I literally said out loud “What is wrong with me?” I tried really hard to envision that album cover. Then, in a flash, I pictured it: The Bravery. That was the band’s name. Bravery! I said the word out loud a few times in relief. “Bravery, bravery, bravery.” I had not been able to think of the word for at least ten minutes. There it was, clear as day inside my brain. Where had it been hiding? And why?
At that point I picked up the pace a bit for a few miles. But whatever strength I had disappeared as I ascended Cat Hill for the second time on the other side of the park. By the top, I was completely depleted again. This was right before mile 11. I slowed to almost a crawl, hitting paces in the 12s. My exhales were audible. I wasn’t out of breath. Just utterly exhausted.
I was a mess for the next two miles until I descended Harlem Hill and managed to pick it up once I had decided to cut it short and only do 13 miles. I would just run straight home. I couldn’t wait to be done.
I was so baffled as to what the hell was wrong with me. I didn’t feel sore. I didn’t feel sick. I was just empty. Like I had no gas in the tank.
Once I was home, I inhaled a protein shake with banana and peanut butter and extra dates. A couple of hours later, I made tortellini with vegan meat sauce and spinach – a larger amount of food than I normally eat for lunch – and I could seriously feel it nourishing my body, like whatever had been depleted was coming back. I usually watch Netflix as I eat. Today I just closed my eyes as I chewed in silence.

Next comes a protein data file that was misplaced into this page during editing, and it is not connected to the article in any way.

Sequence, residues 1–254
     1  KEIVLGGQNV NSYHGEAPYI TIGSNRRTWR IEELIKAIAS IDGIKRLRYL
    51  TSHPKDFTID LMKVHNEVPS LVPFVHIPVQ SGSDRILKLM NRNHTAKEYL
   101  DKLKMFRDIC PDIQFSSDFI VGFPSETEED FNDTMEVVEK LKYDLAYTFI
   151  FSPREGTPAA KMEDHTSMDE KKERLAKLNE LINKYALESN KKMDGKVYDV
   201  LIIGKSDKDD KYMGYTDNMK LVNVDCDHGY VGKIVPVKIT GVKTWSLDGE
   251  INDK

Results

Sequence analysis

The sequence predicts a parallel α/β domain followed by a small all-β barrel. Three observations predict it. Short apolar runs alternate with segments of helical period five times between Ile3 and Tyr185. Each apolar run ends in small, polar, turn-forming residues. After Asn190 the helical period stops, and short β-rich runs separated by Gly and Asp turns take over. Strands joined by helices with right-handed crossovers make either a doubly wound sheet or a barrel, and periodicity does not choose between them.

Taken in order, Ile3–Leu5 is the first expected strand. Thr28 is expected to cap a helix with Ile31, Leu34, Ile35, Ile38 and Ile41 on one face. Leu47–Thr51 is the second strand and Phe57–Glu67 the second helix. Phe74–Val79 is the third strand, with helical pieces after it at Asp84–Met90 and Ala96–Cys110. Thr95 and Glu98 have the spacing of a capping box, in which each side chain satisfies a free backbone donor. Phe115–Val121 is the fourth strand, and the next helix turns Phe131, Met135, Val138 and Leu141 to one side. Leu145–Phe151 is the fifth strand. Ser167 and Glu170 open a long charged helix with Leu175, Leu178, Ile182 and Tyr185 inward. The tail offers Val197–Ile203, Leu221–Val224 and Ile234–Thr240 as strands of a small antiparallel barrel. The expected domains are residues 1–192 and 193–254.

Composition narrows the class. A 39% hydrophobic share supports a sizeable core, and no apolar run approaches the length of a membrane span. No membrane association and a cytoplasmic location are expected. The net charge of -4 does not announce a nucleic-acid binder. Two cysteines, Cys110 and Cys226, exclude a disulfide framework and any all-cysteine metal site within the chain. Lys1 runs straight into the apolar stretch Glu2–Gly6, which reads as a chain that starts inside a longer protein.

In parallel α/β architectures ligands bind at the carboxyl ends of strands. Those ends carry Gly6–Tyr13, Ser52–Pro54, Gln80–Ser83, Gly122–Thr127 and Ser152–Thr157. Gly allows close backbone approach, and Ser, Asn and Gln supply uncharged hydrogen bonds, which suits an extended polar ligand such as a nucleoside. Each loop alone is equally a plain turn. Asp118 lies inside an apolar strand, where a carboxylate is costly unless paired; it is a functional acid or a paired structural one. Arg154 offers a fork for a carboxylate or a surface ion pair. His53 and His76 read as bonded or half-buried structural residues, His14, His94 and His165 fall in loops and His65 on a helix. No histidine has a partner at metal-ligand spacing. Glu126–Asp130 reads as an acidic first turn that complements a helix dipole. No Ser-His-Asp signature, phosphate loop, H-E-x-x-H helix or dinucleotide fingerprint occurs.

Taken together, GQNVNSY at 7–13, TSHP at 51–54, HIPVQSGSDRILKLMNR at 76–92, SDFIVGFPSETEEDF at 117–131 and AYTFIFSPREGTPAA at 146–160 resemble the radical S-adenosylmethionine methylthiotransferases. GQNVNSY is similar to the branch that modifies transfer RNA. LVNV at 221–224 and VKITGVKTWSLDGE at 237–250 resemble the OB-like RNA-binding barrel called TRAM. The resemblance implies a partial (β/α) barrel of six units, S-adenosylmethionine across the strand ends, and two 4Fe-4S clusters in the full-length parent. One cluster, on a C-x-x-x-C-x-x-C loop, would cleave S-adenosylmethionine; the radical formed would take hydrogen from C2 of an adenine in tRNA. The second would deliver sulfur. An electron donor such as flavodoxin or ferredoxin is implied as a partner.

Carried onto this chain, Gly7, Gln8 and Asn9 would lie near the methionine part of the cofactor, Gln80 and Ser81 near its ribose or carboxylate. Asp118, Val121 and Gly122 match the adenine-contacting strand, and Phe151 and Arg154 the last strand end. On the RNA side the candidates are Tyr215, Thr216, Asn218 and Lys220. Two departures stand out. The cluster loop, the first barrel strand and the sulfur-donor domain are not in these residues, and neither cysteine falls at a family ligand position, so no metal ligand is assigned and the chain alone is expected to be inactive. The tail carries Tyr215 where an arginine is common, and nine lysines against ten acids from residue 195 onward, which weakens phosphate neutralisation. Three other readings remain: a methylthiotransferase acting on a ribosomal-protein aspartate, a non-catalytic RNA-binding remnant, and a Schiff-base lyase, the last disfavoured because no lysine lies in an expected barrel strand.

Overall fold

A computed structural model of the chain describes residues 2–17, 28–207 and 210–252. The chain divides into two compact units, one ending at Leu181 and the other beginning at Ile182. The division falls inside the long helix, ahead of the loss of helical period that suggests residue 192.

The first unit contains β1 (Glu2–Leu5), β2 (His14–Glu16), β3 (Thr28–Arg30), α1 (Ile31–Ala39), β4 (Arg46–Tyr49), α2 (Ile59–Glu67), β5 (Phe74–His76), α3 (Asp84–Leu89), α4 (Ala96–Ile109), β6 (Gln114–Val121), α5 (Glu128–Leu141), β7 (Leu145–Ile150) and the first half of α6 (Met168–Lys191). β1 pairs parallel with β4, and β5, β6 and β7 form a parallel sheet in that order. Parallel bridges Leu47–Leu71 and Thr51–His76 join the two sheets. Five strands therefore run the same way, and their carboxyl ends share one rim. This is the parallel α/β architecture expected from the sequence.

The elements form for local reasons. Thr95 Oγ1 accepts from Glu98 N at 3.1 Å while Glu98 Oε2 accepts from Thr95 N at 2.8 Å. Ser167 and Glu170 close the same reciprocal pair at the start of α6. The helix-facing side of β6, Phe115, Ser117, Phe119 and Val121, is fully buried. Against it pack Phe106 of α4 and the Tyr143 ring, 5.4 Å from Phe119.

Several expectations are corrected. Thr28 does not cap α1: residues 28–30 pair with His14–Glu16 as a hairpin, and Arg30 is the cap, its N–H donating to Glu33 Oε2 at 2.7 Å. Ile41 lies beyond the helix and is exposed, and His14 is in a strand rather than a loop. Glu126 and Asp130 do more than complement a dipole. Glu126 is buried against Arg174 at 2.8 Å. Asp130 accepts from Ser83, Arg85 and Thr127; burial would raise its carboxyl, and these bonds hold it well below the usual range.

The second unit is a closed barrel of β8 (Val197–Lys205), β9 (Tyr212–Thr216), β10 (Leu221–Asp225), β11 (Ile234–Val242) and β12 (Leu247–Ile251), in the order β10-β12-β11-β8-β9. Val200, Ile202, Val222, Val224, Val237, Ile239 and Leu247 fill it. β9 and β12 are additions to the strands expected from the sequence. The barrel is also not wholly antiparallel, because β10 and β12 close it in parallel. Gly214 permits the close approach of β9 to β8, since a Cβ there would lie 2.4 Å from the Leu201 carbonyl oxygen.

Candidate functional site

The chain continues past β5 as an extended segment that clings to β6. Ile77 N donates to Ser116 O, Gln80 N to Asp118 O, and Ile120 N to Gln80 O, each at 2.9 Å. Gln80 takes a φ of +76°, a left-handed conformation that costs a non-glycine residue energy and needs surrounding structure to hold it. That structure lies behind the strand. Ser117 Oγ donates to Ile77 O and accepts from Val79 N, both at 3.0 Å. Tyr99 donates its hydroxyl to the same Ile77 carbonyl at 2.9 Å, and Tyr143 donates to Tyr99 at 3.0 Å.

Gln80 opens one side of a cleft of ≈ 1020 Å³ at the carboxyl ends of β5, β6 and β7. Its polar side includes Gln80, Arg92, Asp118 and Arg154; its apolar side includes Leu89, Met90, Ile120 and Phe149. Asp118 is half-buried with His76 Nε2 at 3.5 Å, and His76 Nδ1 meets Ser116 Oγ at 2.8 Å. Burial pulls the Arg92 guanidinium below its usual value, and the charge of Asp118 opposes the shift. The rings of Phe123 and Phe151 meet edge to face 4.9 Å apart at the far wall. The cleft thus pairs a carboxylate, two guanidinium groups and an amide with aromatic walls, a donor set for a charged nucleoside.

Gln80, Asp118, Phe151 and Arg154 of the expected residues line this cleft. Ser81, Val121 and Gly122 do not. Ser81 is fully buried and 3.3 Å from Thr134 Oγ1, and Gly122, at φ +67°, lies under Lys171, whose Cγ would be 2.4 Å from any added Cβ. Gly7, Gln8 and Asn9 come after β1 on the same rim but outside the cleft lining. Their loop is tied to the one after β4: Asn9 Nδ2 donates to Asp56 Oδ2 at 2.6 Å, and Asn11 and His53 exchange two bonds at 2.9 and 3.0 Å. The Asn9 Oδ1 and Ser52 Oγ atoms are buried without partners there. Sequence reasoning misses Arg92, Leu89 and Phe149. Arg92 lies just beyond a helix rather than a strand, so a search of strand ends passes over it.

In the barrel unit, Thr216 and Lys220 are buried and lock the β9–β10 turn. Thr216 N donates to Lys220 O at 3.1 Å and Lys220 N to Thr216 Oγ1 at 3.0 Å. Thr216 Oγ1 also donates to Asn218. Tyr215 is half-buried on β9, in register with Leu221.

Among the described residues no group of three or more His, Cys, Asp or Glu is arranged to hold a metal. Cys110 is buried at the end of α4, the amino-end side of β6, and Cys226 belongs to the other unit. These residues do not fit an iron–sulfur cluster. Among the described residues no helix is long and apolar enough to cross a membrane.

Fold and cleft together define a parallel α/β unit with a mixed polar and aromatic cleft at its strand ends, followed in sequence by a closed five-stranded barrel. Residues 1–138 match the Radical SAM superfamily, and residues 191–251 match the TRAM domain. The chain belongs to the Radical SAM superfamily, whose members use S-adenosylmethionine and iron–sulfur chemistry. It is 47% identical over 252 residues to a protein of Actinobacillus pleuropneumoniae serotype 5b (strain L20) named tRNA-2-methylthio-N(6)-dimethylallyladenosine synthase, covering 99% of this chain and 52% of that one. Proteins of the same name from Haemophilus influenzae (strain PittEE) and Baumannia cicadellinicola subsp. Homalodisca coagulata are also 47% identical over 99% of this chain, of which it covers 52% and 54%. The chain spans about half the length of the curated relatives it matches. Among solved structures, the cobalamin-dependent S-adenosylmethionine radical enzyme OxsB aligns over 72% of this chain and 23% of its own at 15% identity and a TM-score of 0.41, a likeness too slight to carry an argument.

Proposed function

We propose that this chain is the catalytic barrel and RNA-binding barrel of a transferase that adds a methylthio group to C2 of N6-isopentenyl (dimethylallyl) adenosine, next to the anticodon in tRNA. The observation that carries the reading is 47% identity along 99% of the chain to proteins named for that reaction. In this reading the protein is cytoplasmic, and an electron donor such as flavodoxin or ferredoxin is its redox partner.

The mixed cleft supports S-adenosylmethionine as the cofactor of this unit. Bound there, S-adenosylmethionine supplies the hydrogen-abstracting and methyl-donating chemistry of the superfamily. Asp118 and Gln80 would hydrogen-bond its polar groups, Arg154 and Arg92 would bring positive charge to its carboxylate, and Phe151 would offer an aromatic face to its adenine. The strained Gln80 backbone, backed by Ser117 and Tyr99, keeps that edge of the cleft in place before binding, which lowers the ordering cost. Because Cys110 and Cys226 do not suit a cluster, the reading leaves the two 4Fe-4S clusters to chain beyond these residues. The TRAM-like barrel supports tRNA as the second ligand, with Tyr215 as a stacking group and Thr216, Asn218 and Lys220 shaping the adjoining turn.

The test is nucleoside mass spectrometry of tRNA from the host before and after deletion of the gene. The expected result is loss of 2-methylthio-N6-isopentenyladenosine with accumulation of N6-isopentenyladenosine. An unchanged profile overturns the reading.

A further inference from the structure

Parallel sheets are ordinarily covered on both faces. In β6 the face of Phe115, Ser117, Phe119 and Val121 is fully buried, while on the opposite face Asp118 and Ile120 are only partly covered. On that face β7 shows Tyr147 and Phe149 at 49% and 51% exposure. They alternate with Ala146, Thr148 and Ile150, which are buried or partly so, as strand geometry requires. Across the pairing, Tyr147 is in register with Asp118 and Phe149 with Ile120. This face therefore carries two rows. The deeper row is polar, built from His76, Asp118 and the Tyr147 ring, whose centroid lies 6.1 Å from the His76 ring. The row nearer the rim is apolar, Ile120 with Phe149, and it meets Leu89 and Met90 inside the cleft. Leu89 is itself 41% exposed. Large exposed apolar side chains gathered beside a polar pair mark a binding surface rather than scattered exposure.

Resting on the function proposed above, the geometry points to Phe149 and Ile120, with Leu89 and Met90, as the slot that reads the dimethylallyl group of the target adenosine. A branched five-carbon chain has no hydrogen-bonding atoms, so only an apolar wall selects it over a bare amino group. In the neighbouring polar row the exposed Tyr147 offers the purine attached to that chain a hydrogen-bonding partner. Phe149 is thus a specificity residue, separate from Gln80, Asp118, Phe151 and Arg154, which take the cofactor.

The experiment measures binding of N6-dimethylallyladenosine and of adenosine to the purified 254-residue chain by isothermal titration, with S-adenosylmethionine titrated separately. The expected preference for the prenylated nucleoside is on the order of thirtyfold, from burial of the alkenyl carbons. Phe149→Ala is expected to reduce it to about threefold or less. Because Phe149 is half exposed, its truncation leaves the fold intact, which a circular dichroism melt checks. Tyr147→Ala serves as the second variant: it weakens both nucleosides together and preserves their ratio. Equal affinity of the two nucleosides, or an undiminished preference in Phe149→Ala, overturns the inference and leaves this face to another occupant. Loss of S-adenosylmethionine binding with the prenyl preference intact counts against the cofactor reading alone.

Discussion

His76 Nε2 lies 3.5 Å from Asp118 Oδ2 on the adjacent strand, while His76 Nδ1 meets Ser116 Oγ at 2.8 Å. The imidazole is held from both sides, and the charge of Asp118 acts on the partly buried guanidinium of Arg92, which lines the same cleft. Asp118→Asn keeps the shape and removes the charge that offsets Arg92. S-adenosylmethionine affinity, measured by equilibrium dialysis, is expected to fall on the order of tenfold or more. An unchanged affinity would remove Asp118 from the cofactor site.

I ate more than usual for the rest of the day, and now that the day is over I feel much better. My legs are kind of beat, but I’m fine.
I’m trying to figure out what the hell happened. I also wonder how much my physical exhaustion contributed to my massive brain fart.
I came up with three possible answers:
- It wasn’t all that cold but the wind chill was no joke. It was really windy in spots, and if it was about 30 degrees, it felt about ten degrees colder than that. I was wearing just two thin shirts – dressed for 30, not 20. My hands were colder than normal, and they are usually pretty cold to begin with. Was it mild hypothermia?
- I may not be eating enough? My weight in the last year has fluctuated about 8 or 9 pounds, with my lowest weight at the height of last fall’s marathon training, my highest weight in cookie-filled December. This week, my weight is toward the bottom of that range but not right at the bottom. I’m actually exactly the same weight as I was the day I ran the NYC Marathon. So I’m not underweight, and I definitely don’t feel malnourished. On a BMI chart, I fall exactly in the middle of the “healthy” range. Like, the numbers all make sense. Maybe I just need to get a bit more protein or something. Or I should have had more Gu or pre-run Clif Bloks?